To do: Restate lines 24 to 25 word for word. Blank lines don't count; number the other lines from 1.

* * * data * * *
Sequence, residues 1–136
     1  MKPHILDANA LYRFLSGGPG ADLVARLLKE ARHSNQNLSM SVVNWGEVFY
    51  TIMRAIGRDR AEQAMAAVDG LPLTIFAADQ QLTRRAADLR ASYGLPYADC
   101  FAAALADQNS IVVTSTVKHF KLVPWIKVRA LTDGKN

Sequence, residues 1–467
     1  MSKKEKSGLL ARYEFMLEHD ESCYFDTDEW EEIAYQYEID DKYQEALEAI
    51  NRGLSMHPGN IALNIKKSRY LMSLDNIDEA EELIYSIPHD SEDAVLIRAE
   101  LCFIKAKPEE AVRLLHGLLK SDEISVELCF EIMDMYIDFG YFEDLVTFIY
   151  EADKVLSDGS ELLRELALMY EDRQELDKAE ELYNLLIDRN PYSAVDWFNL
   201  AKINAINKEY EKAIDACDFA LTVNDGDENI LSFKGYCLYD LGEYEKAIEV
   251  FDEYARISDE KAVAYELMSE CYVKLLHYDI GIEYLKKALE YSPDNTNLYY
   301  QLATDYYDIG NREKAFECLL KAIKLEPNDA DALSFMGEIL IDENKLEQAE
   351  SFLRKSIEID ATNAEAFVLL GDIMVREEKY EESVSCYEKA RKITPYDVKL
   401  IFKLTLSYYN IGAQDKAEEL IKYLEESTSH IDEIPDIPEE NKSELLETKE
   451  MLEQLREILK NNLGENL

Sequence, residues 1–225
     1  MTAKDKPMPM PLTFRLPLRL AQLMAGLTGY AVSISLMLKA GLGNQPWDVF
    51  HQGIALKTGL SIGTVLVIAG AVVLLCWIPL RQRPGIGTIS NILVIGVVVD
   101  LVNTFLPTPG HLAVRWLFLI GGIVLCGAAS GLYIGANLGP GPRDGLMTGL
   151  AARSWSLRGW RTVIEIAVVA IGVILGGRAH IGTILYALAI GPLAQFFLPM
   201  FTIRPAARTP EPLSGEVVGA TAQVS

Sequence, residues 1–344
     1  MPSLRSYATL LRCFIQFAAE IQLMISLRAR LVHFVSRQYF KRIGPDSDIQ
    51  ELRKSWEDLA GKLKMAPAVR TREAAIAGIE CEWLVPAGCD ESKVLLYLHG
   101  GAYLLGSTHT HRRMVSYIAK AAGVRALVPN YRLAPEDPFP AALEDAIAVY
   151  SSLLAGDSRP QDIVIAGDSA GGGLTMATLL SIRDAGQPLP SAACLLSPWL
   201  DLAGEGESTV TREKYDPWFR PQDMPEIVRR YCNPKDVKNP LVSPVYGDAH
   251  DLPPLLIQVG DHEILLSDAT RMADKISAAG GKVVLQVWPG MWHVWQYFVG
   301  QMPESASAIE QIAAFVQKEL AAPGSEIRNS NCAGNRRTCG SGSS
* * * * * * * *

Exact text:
    51  ELRKSWEDLA GKLKMAPAVR TREAAIAGIE CEWLVPAGCD ESKVLLYLHG
   101  GAYLLGSTHT HRRMVSYIAK AAGVRALVPN YRLAPEDPFP AALEDAIAVY